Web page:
US 4333085 A
A data recorder for use in processing cards and the like comprises a housing which has mounted therein electronic control system incorporating both firmware and software programs. A thermal printer and optical reading device are mounted in the housing for printing information onto the card and reading information on the card respectively. The data recorder may be used as a clocking-on device and special cards provided for changing at least one of the software programs of the electronic control system.
1. A time clock for use with thermographic time cards on which are to be printed legible characters recording the times at which each card is inserted in the machine and a two-dimensional array of optically readable marks identifying individual cards and which for each card accumulates time for successive periods between pairs of insertions of the card into the clock according to semipermanent timekeeping information entered into the machine, comprising in combination:
(a) a housing;
(b) means in said housing defining a card inlet aperture;
(c) a card guide channel within the housing and communicating at one end with the card inlet aperture;
(d) an optical reader located in the card guide channel and arranged to read the array of marks (if any) present on a card conveyed along the card guide channel;
(e) card transport means including a drive roller disposed in said card guide channel in driving engagement with a card to convey said card stepwise along said channel;
(f) a thermal printer located in the card guide channel for printing said legible characters and said two-dimensional array of optically readable marks on cards conveyed along the card guide channel;
(g) means for providing clock signals;
(h) a read-only memory that contains firmware instructions for the operation of the time-clock;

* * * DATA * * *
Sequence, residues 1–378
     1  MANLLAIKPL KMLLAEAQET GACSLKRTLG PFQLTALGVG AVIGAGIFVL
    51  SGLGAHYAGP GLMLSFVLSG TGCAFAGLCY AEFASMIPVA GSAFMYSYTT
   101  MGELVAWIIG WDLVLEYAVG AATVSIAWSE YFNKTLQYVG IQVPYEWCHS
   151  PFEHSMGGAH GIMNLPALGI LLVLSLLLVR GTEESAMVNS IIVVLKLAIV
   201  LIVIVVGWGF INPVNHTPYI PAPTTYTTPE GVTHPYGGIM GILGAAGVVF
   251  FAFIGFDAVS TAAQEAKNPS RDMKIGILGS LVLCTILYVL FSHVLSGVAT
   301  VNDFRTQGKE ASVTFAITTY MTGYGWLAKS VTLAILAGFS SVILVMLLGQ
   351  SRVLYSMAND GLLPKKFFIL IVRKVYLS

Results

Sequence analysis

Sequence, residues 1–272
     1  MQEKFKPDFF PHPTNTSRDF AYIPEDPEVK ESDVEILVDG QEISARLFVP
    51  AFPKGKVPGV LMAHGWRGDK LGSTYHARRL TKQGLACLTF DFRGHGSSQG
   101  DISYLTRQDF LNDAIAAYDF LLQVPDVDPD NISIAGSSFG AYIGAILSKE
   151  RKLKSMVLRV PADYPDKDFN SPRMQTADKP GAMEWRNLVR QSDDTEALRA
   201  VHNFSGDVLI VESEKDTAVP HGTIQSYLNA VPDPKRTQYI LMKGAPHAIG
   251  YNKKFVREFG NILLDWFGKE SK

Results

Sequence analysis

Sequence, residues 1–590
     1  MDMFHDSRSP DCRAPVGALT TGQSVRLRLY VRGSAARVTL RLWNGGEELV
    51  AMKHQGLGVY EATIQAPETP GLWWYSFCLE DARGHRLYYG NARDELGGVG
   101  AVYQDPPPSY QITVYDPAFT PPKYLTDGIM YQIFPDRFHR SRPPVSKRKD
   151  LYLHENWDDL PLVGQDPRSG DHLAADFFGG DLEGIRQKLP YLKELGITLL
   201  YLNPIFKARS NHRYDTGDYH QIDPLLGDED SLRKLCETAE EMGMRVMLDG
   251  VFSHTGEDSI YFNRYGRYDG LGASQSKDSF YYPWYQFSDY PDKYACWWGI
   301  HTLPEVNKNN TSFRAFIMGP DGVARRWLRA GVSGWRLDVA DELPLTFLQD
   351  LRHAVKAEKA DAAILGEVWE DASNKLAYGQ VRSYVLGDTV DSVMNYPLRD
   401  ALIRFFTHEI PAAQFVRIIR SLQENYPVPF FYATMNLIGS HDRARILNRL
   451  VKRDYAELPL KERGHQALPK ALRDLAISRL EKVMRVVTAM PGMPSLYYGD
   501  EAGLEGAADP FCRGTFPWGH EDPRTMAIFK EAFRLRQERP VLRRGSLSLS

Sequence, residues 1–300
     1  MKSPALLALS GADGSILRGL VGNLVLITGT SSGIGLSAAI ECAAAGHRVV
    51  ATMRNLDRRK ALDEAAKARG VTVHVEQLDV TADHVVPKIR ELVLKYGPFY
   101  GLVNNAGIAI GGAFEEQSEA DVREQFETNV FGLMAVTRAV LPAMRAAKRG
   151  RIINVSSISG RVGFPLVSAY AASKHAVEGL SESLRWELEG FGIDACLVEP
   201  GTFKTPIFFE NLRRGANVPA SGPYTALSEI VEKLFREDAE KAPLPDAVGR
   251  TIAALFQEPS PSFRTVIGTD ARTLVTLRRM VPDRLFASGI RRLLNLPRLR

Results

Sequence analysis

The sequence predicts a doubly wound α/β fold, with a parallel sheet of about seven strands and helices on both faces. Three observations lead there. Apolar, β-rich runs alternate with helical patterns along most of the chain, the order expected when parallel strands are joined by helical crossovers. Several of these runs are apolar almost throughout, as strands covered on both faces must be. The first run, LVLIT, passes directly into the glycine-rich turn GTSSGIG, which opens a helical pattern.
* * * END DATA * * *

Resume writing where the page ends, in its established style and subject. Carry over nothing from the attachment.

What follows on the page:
(i) a random-access memory that contains locations in which are stored variable instructions relating to time accumulation and locations in which data relating to the several cards is accumulated; and
(j) a data processor that is electrically connected to the card reader to receive coded signals therefrom, electrically connected to the card transport means to supply actuating signals thereto to cause the card to move stepwise through the machine, electrically connected to the printer to supply actuating signals thereto to print in predetermined locations on the card as it is conveyed past the printer, electrically connected to the clock so that the time of insertion of the card into the machine may be calculated and electrically connected to the read-only memory and the random access memory so that on receipt of a time card for which the optical reader does not detect coded identity marks the firmware in the read-only memory instructs the data processor to signal the printer to print on that card an array of coded identity marks relating to a random access memory location assigned to that card and on reinsertion of a card bearing coded identity marks recognized by the optical reader the firmware in the read-only memory instructs the data processor to cause the random access memory location assigned to that card to be accessed and the printer to print the time of insertion onto the card in legible characters.
2. The time clock of claim 1 wherein the card inlet aperture is located at a first side of said housing, and means in said housing defines a card output aperture in a side opposed to said card inlet aperture and communicating with said guide channel.
3. The time clock of claim 1 wherein the optical reader comprises an array of infra-red emitting diodes directed towards one face of a card passing through said guide channel and an array of photodetectors opposite said diodes and directed towards the other face of the card for detecting infra-red radiation transmitted through said card.
4. The time clock of claim 1 wherein said drive roller is driven by a stepping motor.
5. The time clock of claim 1 wherein said time cards carry a row of longitudinally disposed marks defining a clock track and the optical reader is arranged to detect said marks and supply strobing signals to the data processor.